* Kinser, Samuel. "Annaliste Paradigm? The Geo-historical Structuralism of Fernand Braudel." "American Historical Review" 1981 86(1): 63-105. Issn: 0002-8762 Fulltext: [http://links.jstor.org/sici?sici=0002-8762%28198102%2986%3A1%3C63%3AAPTGSO%3E2.0.CO%3B2-3 in Jstor]
* Lai, Cheng-chung. "Braudel's Concepts and Methodology Reconsidered." "European Legacy" 2000 5(1): 65-86. Issn: 1084-8770 Fulltext: Ebsco
* Moon, David. "Fernand Braudel and the Annales School" [http://www.scribd.com/doc/185264/Fernand-Braudel-and-the-Annales-School online edition]
* Santamaria, Ulysses, and Bailey, Anne M. "A Note on Braudel's Structure as Duration." "History and Theory" 1984 23(1): 78-83. Issn: 0018-2656 Fulltext: [http://links.jstor.org/sici?sici=0018-2656%28198402%2923%3A1%3C78%3AANOBSA%3E2.0.CO%3B2-R in Jstor] ]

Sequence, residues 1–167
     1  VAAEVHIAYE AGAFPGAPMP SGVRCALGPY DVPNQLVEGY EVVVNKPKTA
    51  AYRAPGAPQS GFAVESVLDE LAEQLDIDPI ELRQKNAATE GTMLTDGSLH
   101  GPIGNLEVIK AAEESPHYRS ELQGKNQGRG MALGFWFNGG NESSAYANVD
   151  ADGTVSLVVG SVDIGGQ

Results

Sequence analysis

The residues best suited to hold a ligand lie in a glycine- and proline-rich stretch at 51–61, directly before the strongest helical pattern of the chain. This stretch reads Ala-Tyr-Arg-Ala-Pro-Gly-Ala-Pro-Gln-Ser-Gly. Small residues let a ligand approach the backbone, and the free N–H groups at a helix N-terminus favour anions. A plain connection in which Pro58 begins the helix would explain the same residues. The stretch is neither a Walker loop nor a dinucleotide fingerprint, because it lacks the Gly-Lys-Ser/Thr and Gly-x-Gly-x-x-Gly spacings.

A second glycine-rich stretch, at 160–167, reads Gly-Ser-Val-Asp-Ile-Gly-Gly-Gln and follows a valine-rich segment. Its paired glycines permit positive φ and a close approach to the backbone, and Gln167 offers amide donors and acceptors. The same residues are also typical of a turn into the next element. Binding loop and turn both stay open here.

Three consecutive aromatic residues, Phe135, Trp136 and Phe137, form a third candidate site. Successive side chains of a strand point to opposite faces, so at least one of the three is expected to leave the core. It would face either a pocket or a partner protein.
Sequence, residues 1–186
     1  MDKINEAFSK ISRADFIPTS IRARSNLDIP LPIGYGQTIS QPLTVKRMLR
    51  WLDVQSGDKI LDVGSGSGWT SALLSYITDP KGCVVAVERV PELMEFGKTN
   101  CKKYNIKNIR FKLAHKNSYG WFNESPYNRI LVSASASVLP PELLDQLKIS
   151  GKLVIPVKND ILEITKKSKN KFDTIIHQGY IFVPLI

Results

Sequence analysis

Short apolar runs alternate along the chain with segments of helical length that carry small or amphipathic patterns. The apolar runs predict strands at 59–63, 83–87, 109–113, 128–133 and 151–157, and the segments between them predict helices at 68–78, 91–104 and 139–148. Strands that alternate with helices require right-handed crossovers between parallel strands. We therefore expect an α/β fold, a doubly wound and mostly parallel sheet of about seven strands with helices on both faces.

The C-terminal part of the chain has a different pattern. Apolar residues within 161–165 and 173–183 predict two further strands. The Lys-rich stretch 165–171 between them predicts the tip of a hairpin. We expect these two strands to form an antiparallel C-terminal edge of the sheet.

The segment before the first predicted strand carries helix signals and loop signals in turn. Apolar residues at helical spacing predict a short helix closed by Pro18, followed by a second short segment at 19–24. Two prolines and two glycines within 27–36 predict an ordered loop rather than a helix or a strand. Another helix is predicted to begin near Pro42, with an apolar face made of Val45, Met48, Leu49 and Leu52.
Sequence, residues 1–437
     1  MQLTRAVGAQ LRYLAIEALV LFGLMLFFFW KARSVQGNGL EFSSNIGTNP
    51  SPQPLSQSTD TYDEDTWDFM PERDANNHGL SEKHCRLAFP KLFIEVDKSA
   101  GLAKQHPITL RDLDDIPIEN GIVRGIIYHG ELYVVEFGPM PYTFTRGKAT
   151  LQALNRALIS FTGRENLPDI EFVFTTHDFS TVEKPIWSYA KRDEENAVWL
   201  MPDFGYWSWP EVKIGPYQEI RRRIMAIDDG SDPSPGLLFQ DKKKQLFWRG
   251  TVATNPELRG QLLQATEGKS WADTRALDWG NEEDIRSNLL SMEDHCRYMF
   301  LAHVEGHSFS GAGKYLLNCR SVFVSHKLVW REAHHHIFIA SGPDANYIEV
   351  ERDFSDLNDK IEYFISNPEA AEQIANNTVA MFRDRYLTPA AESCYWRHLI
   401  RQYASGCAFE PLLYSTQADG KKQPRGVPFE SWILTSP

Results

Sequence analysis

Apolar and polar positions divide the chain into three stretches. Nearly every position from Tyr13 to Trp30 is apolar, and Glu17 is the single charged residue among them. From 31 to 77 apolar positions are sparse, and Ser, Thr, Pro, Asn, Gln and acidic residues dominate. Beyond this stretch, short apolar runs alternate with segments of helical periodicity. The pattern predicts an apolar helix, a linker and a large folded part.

* Stoianovich, Traian. "French Historical Method: The Annales Paradigm," (1976)
* Wallerstein, Immanuel. "Time and Duration: The Unexcluded Middle" (1997) [http://www.binghamton.edu/fbc/iwtimdu.htm online version]

Notes

External links

* [http://www.africahistory.net/braudel.htm Braudel, Colonialism and the Rise of the West]
* [http://www.age-of-the-sage.org/history/historian/Fernand_Braudel.html Fernand Braudel:Mediterranean studies:Annales school]
* [http://fbc.binghamton.edu/ Fernand Braudel Center]
* [http://www.braudel.org.br/ Instituto Fernand Braudel de Economia Mundial]
* [http://www.strath.ac.uk/Departments/History/s_adams/annales.htm Fernand Braudel and the Annales School by Dr David Moon]
* [http://www.indianoceanworldcentre.com/mission.brudel.html Annales School, Fernand Braudel bio]